Sidney Lanier: A Paper (Google eBook)

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1887 - 32 pages
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Page 15 - When the Sun rises, do you not see a round disk of fire somewhat like a guinea?" "O no, no, I see an innumerable company of the Heavenly host crying, 'Holy, Holy, Holy is the Lord God Almighty".
Page 28 - Shakespeare, must enjoy a part. For though the poet's matter nature be, His art doth give the fashion; and, that he Who casts to write a living line, must sweat (Such as thine are) and strike the second heat Upon the Muses...
Page 18 - IN my sleep I was fain of their fellowship, fain Of the live-oak, the marsh, and the main. The little green leaves would not let me alone in my sleep; Up-breathed from the marshes, a message of range and of sweep, Interwoven with waftures of wild sealiberties, drifting, Came through the lapped leaves sifting, sifting, Came to the gates of sleep.
Page 20 - Above men's oft-unheeding heads, And his big blessing downward sheds. I speak for all-shaped blooms and leaves, Lichens on stones and moss on eaves, Grasses and grains in ranks and sheaves...
Page 13 - I believe the first test of a truly great man is his humility. I do not mean, by humility, doubt of his own power, or hesitation in speaking of his opinions ; but a right understanding of the relation between what he, can do and say, and the rest of the world's sayings and doings.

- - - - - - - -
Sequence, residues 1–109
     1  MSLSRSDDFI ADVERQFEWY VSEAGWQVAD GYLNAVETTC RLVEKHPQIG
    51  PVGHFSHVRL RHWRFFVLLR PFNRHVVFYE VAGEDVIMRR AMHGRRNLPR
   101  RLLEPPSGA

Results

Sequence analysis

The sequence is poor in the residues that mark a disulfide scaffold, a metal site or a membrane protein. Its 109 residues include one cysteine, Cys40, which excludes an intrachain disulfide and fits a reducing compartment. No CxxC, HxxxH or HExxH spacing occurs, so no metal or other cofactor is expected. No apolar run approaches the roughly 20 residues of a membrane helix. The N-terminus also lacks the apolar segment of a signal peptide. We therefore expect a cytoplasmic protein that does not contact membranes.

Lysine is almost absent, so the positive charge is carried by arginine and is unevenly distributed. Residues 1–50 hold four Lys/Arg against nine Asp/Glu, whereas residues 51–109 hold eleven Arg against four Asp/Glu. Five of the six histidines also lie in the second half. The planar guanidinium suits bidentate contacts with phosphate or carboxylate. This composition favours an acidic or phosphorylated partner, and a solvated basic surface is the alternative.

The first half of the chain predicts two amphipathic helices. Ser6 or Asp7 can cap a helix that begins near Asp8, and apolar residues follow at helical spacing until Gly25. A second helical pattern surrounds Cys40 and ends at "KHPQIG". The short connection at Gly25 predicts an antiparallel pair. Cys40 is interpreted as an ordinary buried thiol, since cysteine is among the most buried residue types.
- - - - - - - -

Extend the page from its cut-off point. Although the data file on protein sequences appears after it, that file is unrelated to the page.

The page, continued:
Page 19 - Beautiful glooms, soft dusks in the noon-day fire, Wildwood privacies, closets of lone desire, Chamber from chamber parted with wavering arras of leaves, Cells for the passionate pleasure of prayer to the soul that grieves...
Page 8 - O Love, O Wife, thine eyes are they, My springs from out whose shining gray Issue the sweet celestial streams That feed my life's bright Lake of Dreams...
Page 22 - So, Buddha, beautiful! I pardon thee That all the All thou hadst for needy man Was Nothing, and thy Best of being was But not to be.
Page 8 - Always, when Art on perverse wing Flies where I cannot hear him sing, I gaze in my two springs and see A charm that brings him back to me.
Page 3 - Let any sculptor hew us out the most ravishing combination of tender curves and spheric softness that ever stood for woman ; yet if the lip have a certain fullness that hints of the flesh, if the brow be insincere, if in the minutest particular the physical beauty suggest a moral ugliness, that sculptor unless he be portraying a moral ugliness for a moral purpose may as well give over his marble for paving-stones.

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